Our civilization is not any sort of destiny: not the only or best way to organize ourselves on this planet. Tangled with the sense of human exceptionalism (point 1) is the notion that the civilization we have raised over the last 10,000 years out of the dust bin of prehistory is an expression of destiny. If humans are somehow the ultimate species—the focal point of evolution—then whatever we end up doing is also meant to be. What we have done is so extraordinary in the entire history of the planet (no argument from me here) that it must have some grand meaning and be the right path. But what if it is extraordinarily wrong or a colossal mistake? Humans lived a different way for 3 million years, and that way happened to work long-term (by construction). The current way is untested over relevant time scales, and is so obviously unsustainable at today’s scale that it was most likely a wrong turn. I’m not saying that primitive tribal life is the only solution either: just that today’s civilization isn’t the answer, and perhaps we should contemplate ditching it for something entirely different (built on a foundation of truly sustainable principles, living as subordinate partners to all other life on the planet).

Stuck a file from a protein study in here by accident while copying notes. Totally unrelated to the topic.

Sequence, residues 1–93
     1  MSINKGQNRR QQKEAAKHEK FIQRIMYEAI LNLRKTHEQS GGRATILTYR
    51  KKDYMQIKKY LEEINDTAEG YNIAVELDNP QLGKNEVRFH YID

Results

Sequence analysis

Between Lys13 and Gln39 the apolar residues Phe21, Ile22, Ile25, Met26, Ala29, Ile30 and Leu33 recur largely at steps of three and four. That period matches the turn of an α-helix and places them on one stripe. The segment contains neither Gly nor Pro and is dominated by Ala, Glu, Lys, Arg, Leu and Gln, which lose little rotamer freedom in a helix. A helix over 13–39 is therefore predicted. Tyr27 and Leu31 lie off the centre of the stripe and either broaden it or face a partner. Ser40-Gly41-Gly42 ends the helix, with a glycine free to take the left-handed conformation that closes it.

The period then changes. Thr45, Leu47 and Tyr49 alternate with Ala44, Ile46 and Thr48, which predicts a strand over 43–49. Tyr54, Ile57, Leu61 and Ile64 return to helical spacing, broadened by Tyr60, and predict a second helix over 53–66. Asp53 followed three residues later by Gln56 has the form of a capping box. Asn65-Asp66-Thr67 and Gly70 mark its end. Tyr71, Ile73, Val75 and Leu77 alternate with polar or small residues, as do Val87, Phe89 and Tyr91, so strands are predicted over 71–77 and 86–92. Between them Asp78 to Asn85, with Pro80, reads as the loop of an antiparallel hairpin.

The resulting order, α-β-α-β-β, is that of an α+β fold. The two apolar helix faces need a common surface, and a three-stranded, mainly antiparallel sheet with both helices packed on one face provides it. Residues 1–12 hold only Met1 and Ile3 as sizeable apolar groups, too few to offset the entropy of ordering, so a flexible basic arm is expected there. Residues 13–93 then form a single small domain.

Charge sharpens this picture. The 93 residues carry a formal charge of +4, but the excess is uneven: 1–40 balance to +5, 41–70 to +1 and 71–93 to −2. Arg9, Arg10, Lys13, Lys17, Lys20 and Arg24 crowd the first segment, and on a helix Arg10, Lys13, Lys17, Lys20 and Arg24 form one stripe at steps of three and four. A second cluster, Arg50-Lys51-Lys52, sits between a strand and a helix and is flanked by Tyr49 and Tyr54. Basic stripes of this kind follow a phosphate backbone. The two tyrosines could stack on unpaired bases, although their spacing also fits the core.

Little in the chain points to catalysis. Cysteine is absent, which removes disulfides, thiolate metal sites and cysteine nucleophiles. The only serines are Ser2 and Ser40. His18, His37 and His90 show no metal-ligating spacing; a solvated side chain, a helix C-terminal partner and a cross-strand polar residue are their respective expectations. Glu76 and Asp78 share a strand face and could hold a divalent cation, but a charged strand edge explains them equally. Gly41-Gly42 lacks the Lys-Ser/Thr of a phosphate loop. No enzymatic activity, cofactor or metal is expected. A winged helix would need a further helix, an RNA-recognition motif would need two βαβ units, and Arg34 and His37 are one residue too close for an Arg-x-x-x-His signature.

4. No Paradise

We are not building civilization—brick by brick—according to some master plan aiming toward a “better” end: no paradise/salvation awaits on the current path. How could we be building toward perfection when no one has a fully formed architectural design that we know will work? No: we’re just throwing down bricks and mortar in some slapdash fashion and assuming it is going somewhere good. The key problem is that our unexamined foundation won’t support many more bricks, and we run a great risk by blithely slapping more down just because it’s been fun so far. It’s time we stop just doing things because we can in the moment, and ask what long-term sustainability might even mean.

5. Technological Slowdown

Technology and innovation are slowing, not accelerating. The pace of innovation exploded alongside the introduction of fossil fuels and the energy it unleashed. I like to play a mental game of transporting someone from 1900 to 1960 while doing the same for an inhabitant of 1960 popped into 2020. Which is more mystified by “magic” all around? 1960 technology is bewildering to the 1900 resident (surrounded by new things without names, even), while 2020 shows mostly snazzy refinements but few unrecognizable elements of everyday life. As important as energy is to the functioning of our civilization, and as clear as it has been since the 1970s that fossil fuels would not provide indefinite energy, no fundamentally new energy technologies are on the table that were not also around in the 1970s. Sure, they’ve become more efficient in many cases, but are now approaching theoretical maximum efficiency. No transformational revolutions are imminent.

6. Technology Will Not Save Us